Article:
NICE, France—After a long and debilitating illness, Ms. Adrina Dadrian, the older sister of
genocide scholar Vahakn Dadrian, passed on in Nice, France, on February 21. Her funeral
took place on February 28 in Nice’s St. Mary’s Armenian Church.
Born in Chorum, at the time a district of Ankara province, she had endured as a mere infant
all the hardships of the deportations. She, like several others of the extended Dadrian family,
survived, however, these ordeals because they belonged to the first convoy leaving Chorum in
the summer of 1915. The local Turkish authorities decided to spare their lives on account of
her father’s high position as a judge and benefactor.
The two subsequent convoys were all mercilessly massacred on the way to Yazgad, in
transit to the Arabian deserts. By coincidence, three of these surviving members of the first
in Conesus, New York), and Arpine Dadrian (a cousin in Detroit) likewise passed on in the
last 2.5 years.
After receiving her primary education in the Armenian school Aramian, in Kadiköy, a district
in Istanbul’s Asiatic side, Dadrian attended the local Notre Dame de Sion, a school run by
French Catholic nuns. She then turned to Armenian literature, studying under the tutelage of
the noted feminist Armenian writer Sybil (Zabel Asadour). She began teaching and writing at
the age of fourteen. For her higher education, she went to Europe, attending the Universities
of Berlin and Vienna, where she concentrated on Armenology and comparative literature.
Upon her return to Istanbul, she founded, together with literary critic and chronicler Pakarad
Tevyan, Bardez, a pedagogical illustrated weekly for Armenian school children that lasted 26
years. During this period, she cultivated the art of theater for children, producing dozens of
plays, some of which were published in Bardez, while others, 22 of them, were staged in
various theaters of Istanbul in the 1951-1967 period. One of them was an operetta with piano
music created by Istanbul’s Armenian composer Sirvart Karamanoogian. Nearly all of these
still remain in manuscript form and, along with her other creations, especially short stories,
fables, and poems for children, in 1995 have been deposited as part of her archive in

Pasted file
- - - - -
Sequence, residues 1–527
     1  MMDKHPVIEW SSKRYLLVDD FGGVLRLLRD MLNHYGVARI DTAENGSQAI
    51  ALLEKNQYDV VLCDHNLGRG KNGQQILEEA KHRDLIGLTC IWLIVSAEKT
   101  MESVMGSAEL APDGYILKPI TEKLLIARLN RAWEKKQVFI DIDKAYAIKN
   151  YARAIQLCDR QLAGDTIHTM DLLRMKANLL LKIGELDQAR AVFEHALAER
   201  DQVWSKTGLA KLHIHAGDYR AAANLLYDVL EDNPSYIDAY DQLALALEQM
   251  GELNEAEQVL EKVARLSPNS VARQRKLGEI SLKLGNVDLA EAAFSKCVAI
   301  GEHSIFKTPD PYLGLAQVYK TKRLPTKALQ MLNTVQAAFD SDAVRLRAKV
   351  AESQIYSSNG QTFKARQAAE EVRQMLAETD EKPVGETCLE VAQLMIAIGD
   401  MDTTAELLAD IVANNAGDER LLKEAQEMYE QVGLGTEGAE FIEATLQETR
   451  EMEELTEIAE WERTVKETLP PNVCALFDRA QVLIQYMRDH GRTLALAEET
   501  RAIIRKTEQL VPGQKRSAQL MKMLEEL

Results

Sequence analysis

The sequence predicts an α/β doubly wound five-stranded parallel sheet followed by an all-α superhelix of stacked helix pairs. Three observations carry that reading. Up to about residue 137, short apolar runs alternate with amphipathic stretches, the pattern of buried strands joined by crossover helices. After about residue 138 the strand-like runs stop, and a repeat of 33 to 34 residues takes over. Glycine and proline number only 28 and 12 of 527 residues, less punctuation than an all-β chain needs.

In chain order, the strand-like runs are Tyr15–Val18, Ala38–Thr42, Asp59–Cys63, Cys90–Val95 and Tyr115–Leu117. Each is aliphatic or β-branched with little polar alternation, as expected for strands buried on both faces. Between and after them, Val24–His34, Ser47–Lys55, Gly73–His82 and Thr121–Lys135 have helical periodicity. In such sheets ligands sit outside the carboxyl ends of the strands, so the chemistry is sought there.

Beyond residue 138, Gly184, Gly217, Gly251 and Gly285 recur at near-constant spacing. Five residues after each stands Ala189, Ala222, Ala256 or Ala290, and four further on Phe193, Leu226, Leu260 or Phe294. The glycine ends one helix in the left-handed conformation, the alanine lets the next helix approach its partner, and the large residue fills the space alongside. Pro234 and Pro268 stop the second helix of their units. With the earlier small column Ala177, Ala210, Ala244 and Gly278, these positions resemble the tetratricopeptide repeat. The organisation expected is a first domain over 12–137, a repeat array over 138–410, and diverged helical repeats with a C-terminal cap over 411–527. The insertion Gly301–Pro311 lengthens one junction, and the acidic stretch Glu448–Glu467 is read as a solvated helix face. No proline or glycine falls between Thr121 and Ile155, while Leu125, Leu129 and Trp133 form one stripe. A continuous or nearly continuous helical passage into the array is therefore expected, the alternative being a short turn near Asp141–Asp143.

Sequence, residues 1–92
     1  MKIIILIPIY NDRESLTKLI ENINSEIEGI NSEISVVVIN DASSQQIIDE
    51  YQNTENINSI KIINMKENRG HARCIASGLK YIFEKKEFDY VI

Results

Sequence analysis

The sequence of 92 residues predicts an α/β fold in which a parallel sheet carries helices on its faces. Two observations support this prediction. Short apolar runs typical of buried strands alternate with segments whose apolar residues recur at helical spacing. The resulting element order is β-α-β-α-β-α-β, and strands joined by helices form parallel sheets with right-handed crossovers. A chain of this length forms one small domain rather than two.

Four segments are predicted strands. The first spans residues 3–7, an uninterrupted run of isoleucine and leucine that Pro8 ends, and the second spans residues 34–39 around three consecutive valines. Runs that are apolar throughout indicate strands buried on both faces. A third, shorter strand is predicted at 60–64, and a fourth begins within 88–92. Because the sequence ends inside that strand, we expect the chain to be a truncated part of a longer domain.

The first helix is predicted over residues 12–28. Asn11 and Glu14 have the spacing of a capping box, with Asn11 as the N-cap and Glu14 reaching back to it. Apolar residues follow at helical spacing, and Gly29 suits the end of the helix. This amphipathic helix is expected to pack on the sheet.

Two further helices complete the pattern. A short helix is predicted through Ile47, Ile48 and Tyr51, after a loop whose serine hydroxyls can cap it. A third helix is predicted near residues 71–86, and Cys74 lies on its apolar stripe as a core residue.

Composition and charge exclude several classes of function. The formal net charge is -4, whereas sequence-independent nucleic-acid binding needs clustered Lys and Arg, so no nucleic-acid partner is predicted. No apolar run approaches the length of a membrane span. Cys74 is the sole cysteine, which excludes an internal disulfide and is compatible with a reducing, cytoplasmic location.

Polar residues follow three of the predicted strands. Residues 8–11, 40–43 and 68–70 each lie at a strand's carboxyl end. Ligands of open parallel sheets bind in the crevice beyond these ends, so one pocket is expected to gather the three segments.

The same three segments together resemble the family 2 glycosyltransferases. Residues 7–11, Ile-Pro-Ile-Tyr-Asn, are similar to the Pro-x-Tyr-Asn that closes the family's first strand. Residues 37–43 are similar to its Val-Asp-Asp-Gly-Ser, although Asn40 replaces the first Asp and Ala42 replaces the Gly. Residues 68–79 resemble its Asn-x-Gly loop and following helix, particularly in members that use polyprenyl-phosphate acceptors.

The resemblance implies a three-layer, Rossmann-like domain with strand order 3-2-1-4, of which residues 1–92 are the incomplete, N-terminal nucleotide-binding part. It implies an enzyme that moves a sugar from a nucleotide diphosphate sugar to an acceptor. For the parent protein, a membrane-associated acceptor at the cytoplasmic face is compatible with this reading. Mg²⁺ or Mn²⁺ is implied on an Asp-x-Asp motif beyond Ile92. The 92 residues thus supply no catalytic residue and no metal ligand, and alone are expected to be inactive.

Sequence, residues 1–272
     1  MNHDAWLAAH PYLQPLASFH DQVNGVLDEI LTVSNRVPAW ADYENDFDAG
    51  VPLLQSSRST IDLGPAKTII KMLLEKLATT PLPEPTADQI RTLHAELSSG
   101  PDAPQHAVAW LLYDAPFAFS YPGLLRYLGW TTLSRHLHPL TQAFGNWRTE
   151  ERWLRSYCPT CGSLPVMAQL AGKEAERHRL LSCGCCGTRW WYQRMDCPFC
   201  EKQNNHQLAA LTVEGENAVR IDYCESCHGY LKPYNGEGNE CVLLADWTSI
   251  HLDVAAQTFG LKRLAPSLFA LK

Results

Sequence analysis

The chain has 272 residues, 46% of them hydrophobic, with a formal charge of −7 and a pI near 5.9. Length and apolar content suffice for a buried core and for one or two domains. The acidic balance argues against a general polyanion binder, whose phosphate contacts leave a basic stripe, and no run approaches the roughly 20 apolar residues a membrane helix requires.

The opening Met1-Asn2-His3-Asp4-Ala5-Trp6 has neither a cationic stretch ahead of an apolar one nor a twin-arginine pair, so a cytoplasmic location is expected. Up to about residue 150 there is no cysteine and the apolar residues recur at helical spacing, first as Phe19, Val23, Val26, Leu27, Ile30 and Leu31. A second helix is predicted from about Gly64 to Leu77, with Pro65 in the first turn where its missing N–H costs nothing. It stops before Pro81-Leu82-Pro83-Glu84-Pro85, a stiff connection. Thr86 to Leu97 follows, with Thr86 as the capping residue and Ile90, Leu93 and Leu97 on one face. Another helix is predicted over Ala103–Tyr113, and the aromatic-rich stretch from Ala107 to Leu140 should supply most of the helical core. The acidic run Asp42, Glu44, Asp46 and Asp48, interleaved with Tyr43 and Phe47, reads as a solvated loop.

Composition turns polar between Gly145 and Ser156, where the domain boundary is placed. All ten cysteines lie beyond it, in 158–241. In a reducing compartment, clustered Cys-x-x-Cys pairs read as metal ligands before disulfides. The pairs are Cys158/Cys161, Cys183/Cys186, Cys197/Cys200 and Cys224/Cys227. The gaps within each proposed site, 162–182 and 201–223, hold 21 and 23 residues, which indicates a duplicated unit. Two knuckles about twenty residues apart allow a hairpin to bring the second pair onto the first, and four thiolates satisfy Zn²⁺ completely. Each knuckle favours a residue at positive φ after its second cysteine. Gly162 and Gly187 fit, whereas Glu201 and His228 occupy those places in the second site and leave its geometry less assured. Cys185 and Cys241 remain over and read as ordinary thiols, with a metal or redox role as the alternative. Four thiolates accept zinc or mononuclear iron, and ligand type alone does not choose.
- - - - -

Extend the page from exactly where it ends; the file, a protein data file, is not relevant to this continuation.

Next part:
Yerevan’s Museum for Literature and Art.
Some of her plays have been staged also in several Diaspora Armenian schools, such as in
Nice, Detroit, Geneva, and Montreal. In addition, she produced, together with Teryan,
educational material for two levels of kindergarten children, and a textbook for first class
Apart from all these, she turned to French literature when in 1969 she left Istanbul for good
and established residence first in Paris and during the last 30 years in Nice. Totally
absorbed in French literature, she began to switch from romanticism to realism when
creating heroes for her novels, which became her last choice of a genre for modern Armenian
She published four novels, titled Mayteroun Vura, Kehenee Djampoun Vura, Tchorrort Mu Gu
Pundurvee, and Heghinag Getzeer. In all of them she tackles the problems of the cruelties of
human suffering, the persecution of vulnerable human groups, the inequities in life, the
elusiveness of human happiness, and the unending struggle for justice.
She was personally honored by the Armenian Writers Union in Yerevan, the Patriarchate of
Istanbul, which promoted her pedagogical undertakings throughout the Armenian school
system and Armenian cultural life in Istanbul, the Union of French-Armenian Writers in Paris
(1984), and was the winner of the first prize of Cairo’s National Endowment Fund
In addition to Prof. Dadrian, she is survived by her younger sister, Meline Hazaryan of St.
Petersburg, Florida, and several cousins in France, Egypt, and Canada.